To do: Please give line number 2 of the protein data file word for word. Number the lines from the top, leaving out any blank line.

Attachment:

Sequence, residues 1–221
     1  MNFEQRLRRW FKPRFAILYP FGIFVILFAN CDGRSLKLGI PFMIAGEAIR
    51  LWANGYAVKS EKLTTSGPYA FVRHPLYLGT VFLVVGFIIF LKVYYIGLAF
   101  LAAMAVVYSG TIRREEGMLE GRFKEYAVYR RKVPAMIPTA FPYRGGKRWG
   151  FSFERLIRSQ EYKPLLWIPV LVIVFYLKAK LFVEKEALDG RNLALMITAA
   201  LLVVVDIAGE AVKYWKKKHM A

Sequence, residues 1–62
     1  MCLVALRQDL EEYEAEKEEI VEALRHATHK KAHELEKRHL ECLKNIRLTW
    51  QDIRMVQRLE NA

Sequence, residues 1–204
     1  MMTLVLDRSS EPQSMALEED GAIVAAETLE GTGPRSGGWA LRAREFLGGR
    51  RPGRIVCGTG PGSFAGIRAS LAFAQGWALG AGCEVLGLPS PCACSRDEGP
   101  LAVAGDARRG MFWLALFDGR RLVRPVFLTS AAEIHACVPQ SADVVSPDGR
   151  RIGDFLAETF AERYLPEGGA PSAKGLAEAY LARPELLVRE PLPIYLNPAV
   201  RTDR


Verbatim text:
     1  MNFEQRLRRW FKPRFAILYP FGIFVILFAN CDGRSLKLGI PFMIAGEAIR